Pat Buchanan

The Brits are going home.

Forty thousand marched in beside the Americans. Only 7,100 remain; 1,600 will be heading home by Easter.

By August, the Danish force of 470 is to be withdrawn, as is the tiny Lithuanian unit. South Korea has 2,200 troops in the Kurdish north. Though they rarely leave base, 1,100 are to depart by August, the rest by year's end.

The Italians are gone. The Spanish pulled out after the Madrid bombings. Ukraine's 1,600 have departed. The Japanese have gone. Declaring the war "unjust and wrong," Slovakia's new prime minister just ordered home his country's contingent of 110 engineers.

Only the Americans are going deeper in. Aussies excepted, the "coalition of the willing" is no longer willing.

In Afghanistan, Americans, and Brits, Canadians and Dutch fight, as Germans, French and Italians do "reconstruction." In World War I, France, Italy and Germany lost 4 million men. In Afghanistan and Iraq, the three together have probably not lost 50.

Prime Minister Romano Prodi resigned Wednesday, when his plan to stay in Afghanistan and enlarge a U.S. base in Italy, lest refusal be seen as "a hostile act toward the U.S.A.," was rejected in the Senate.

Vice President Cheney hails Tony Blair's announced withdrawal of British troops as a sign of success. Yet, he says the Pelosi-Murtha plan to withdraw U.S. troops would only "validate the al-Qaida strategy."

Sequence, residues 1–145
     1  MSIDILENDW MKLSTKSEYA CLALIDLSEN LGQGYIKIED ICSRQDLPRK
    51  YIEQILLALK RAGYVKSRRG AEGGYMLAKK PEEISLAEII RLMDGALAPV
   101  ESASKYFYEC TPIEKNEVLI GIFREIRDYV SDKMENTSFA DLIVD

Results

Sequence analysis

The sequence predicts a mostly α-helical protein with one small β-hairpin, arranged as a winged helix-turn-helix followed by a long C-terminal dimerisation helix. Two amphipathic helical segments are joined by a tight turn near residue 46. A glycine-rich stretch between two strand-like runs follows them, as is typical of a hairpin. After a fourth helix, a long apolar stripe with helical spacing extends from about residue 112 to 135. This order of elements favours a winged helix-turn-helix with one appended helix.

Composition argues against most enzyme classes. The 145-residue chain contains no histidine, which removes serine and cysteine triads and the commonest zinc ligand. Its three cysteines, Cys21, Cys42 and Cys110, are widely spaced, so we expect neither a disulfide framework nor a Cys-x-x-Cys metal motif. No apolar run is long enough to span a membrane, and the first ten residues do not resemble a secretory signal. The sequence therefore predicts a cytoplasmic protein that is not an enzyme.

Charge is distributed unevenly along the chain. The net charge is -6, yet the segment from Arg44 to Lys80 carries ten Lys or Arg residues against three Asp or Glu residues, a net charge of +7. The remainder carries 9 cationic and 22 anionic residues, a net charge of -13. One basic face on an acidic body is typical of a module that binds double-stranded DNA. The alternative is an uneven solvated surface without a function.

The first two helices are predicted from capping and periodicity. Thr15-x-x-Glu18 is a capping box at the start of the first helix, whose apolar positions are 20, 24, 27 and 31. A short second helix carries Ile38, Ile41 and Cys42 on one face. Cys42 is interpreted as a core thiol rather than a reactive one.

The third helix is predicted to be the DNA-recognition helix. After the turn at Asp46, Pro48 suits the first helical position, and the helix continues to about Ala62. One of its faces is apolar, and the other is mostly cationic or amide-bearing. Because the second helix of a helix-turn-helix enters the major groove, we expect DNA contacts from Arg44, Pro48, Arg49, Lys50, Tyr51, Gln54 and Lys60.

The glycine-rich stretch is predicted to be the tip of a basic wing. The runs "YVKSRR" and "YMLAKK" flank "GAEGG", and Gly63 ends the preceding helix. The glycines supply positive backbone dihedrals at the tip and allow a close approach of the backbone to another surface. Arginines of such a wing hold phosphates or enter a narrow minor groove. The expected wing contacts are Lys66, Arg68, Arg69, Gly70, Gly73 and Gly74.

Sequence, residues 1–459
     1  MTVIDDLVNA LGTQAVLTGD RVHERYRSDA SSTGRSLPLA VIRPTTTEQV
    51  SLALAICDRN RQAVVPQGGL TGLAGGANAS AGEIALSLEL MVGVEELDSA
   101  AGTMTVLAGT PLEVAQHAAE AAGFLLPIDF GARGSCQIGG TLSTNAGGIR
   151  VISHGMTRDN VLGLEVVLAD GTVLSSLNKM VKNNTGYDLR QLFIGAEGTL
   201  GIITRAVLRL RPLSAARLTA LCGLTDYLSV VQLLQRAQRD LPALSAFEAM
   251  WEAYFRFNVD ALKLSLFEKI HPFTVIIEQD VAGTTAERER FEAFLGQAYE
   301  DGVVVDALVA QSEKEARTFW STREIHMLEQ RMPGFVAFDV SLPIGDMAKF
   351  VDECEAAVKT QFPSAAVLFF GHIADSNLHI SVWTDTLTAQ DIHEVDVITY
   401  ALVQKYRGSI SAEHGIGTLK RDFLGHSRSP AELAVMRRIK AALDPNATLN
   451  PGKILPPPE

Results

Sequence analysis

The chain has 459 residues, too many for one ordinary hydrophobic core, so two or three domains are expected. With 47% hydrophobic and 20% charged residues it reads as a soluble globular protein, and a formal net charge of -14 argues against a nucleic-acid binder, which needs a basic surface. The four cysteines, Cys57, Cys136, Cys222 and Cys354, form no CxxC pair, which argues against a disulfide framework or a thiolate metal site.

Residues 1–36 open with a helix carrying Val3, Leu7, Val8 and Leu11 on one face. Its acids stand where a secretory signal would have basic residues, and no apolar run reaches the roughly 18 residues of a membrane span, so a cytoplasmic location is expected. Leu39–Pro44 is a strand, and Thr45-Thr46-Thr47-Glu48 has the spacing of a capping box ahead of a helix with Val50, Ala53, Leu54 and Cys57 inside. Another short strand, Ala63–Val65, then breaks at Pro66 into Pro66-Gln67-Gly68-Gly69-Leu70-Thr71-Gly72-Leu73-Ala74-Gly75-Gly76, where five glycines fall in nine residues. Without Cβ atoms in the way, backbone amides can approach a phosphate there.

The White House says the British pullout is an affirmation of our partnership, but the Brits could have sent those 1,600 to Baghdad or Anbar. They did not.

The Brits are leaving with mission unaccomplished. They are being shot at and mortared every day in Basra. Tribal and Shia militias have not been disarmed. The Sunni are being ethnically cleansed from the south. Militant Shia want the Brits gone, so they can take over.

The British people are bridling at the cost in blood and money of a war that destroyed Tony Blair, who is weeks away from resigning as prime minister. One British historian said at year's end he has never such levels of anti-Americanism in his country.

There is a larger meaning to all this, and Americans must come to terms with it. NATO is packing it in as a world power. NATO is little more than a U.S. guarantee to pull Europe's chestnuts out of the fire if Europeans encounter a fight they cannot handle, like an insurgency in Bosnia or Kosovo. NATO has one breadwinner, and 25 dependents.

At the end of the Cold War, internationalists like Sen. Richard Lugar of Indiana declared, "NATO must go out of area, or go out of business." What Lugar meant was, with the Soviet threat lifted from Europe, NATO must shoulder more of the global burden.

Pat Buchanan

Pat Buchanan is a founding editor of The American Conservative magazine, and the author of many books including State of Emergency: The Third World Invasion and Conquest of America .
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